That probably won’t bother Spencer Critchley, who writes in the Huffington Post. He believes Obama has transcended the traditional categories of winning and losing.  He observes that “President Obama has faced a lot of criticism lately for not being ‘tough enough’ on ISIS. Most of it seems to boil down to this: Why won’t he do what we always do?”  What America used to do was ‘win’.

But what if military victory — at least as traditionally defined — is not the primary objective? What if, instead, the goal is to escape the seemingly endless need for military victories — each one ending up so transient and inconclusive?

After all, we’ve been stuck in an entropic cycle of such “victories” (and some defeats) for decades, each one leading to the need for more. To a large extent, it’s been a cycle of support, accommodation and intervention on behalf of governments that can’t, or won’t, take care of their own people. We beat back a threat, and sow the seeds of three new ones. …

People who complain that Obama’s foreign policy has no theme might look no further than this: just like he’s always said, it’s time for a change.

Now there’s a thought. Why not try losing for a change? After all, as Critchley points out: “What Obama’s War Critics Don’t Get: Change Means Change”. Critchley says:

(more…)

Posted at 1:40 pm on October 13th, 2014 by Richard Fernandez

Time Waits For No One

One commenter on a Huffington Post story about the second case of Ebola in the US argued that the president should begin the air travel ban with a quarantine of Texas.  The suggestion is not as crazy as you think. The Business Insider cites Rep. Steve Israel (D-N.Y.), the chair of the Democratic Congressional Campaign Committee as saying “August was Ebola. It was ISIS. It was Ukraine, Global issues dominated. And in September, those issues continued to dominate. And so, part of the headwind was it did make it a little more difficult for us to break through on those middle-class economic contrasts when people were so focused on global issues.”

If there were only some way of quarantining memes it would be very much appreciated right now. Carrie Dann of NBC News laments “If you’re even a casual news consumer, you know that the spread of Ebola, the U.S. airstrikes against ISIS and major security breaches within the Secret Service have dominated media coverage over the last week as Americans mull the safety of their families, U.S. soldiers, and the president himself.”

One thing that Americans are collectively rolling their eyes at, though: the upcoming midterm elections, now just 27 days away.

A new survey from the Pew Research Center shows that Americans just aren’t particularly interested in the midterms, with only 15 percent saying they’re following election news “very closely,” and nearly one-in-four saying they’re not paying attention at all. Compare that to 36 percent who are paying close attention to the Ebola story, 31 percent concerned about the ISIS strikes, and 21 percent closely following the mistakes of the Secret Service.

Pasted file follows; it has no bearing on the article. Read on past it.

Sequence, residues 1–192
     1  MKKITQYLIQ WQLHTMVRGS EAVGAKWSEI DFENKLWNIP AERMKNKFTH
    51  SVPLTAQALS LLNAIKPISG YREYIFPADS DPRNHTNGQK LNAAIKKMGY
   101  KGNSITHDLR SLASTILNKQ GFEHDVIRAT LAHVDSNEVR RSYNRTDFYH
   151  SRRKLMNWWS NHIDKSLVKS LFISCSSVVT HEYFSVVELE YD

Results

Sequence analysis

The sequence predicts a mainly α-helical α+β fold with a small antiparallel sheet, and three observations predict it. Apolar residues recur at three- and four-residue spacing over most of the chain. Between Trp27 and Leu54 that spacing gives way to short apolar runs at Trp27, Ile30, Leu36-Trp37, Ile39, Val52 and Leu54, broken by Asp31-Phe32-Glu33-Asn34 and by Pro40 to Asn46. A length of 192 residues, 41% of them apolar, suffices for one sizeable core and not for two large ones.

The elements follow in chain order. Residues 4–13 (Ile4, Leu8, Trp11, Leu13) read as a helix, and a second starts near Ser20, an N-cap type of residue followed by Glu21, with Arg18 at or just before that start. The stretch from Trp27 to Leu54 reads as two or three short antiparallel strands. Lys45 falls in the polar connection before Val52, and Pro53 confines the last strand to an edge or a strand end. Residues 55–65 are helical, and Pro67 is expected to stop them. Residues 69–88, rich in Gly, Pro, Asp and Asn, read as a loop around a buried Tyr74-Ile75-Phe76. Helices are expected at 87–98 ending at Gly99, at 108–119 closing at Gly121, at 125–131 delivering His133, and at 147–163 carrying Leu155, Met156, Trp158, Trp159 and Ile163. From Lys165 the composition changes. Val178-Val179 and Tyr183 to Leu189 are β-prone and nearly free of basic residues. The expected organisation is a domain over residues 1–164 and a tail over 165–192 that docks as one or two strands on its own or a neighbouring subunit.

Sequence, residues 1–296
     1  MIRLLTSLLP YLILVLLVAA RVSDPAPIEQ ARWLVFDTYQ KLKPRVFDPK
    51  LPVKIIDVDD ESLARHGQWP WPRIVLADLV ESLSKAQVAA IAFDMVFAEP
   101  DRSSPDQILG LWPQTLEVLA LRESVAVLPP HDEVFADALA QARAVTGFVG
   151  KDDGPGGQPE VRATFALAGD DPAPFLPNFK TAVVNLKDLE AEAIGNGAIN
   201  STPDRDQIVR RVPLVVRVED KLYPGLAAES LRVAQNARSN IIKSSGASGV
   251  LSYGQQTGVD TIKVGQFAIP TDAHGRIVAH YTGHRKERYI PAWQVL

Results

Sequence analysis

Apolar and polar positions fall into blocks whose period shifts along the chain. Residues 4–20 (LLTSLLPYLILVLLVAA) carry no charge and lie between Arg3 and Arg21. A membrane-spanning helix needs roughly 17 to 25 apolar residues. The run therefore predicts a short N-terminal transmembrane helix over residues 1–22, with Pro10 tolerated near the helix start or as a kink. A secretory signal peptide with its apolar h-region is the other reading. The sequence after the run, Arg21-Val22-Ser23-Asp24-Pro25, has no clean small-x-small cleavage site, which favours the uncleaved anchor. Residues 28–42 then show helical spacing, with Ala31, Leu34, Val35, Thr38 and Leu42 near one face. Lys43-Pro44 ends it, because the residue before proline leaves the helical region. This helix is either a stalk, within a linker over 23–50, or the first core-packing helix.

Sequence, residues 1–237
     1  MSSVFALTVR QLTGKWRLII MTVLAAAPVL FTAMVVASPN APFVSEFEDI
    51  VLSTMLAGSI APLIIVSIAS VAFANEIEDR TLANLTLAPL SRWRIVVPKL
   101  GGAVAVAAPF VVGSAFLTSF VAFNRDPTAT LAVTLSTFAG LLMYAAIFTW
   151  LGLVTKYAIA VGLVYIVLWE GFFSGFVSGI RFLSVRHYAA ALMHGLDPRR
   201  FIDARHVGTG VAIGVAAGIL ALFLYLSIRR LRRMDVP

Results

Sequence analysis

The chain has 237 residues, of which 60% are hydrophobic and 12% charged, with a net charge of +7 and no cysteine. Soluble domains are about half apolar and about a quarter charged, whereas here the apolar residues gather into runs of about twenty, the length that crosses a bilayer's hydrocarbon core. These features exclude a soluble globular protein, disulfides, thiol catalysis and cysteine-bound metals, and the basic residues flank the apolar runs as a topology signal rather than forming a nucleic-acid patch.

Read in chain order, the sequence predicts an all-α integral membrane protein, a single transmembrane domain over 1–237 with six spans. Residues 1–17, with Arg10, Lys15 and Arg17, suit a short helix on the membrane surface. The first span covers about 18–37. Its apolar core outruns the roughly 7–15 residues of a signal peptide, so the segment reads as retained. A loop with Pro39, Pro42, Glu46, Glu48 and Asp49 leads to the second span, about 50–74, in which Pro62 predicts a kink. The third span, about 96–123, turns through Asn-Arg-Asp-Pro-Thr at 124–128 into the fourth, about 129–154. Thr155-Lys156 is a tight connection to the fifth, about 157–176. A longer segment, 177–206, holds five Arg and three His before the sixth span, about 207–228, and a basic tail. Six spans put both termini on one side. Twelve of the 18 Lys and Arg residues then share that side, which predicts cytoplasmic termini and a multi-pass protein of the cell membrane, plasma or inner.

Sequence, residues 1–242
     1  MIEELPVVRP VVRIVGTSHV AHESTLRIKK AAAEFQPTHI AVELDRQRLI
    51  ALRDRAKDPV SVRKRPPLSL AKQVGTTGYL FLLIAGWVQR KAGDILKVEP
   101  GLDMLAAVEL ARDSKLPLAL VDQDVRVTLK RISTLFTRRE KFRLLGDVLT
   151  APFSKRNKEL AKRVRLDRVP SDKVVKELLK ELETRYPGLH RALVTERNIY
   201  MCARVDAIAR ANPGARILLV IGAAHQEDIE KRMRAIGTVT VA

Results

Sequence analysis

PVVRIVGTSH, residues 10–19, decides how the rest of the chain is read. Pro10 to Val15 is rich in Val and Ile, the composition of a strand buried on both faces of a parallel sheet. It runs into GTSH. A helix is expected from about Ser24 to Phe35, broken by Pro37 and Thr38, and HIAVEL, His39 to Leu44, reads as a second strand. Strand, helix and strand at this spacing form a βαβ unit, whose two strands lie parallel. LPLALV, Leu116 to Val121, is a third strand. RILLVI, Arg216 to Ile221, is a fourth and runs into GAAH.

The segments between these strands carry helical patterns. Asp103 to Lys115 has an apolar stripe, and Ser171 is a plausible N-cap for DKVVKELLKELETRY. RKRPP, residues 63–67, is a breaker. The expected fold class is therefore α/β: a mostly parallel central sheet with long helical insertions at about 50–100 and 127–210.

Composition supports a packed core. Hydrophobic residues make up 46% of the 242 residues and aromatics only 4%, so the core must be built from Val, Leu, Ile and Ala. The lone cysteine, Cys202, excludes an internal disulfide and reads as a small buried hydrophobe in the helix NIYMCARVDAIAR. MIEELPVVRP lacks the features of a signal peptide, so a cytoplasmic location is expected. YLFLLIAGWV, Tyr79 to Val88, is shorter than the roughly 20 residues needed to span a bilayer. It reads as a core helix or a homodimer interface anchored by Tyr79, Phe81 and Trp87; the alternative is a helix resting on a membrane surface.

It wasn’t supposed to be this way: the news has hijacked the news cycle.

To appreciate how much this hurts it’s important to remember that the media’s greatest power is its ability to set the public agenda. Ever since 1968 it has jealously guarded the power to both determine what the public talks about (the agenda) and how it is discussed (framing). Steve Israel (D-N.Y.) is complaining that they can’t do that in these elections because ISIS, Ebola, Ukraine, etc. are taking over the headlines in the way that disease is overrunning West Africa.

(more…)

Posted at 2:40 pm on October 12th, 2014 by Richard Fernandez

The Ordinary World

A Jewish friend of mine said that the Holocaust created a crisis of faith for his people because as he put it, “if a merciful God existed, then how could could Hitler come to be?” Bad times have a way of raising such questions. Wikipedia cites at least 3 occasions  when humanity suffered so badly it believed that God himself was chastising them: the Black Death, the invasions of Attila the Hun and the depredations of Genghis Khan.

Poll after poll shows that America is in a pessimistic mood.  Time quotes Southern Command’s General John Kelly as gloomily concluding that “if it [Ebola] breaks out [in Central America], it’s literally, ‘Katie bar the door,’ and there will be mass migration into the United States. They will run away from Ebola, or if they suspect they are infected, they will try to get to the United States for treatment.”

Yet it could be worse, as no less than the president told an audience in Rhode Island, “the truth of the matter is that the world has always been messy. In part, we’re just noticing now because of social media and our capacity to see in intimate detail the hardships that people are going through.” But in reality “this is not something that is comparable to the challenges we faced during the Cold War.”  The New York Times said of the presidents perspective:

Governing at a time of war, terrorism and disease, and frustrated on multiple fronts at once, Mr. Obama finds himself trying to buck up supporters heading into a crucial midterm election season. The succession of international crises has taken a toll on the public mood, not to mention his own poll ratings, and he seems intent on reassuring Americans that the challenges are manageable.”

It is hard to argue with the proposition that “if you survived the Atomic Age, you can survive me”. These may not be the best of times, but as the president said, neither are they the worst of them.

(more…)

Posted at 4:23 pm on October 11th, 2014 by Richard Fernandez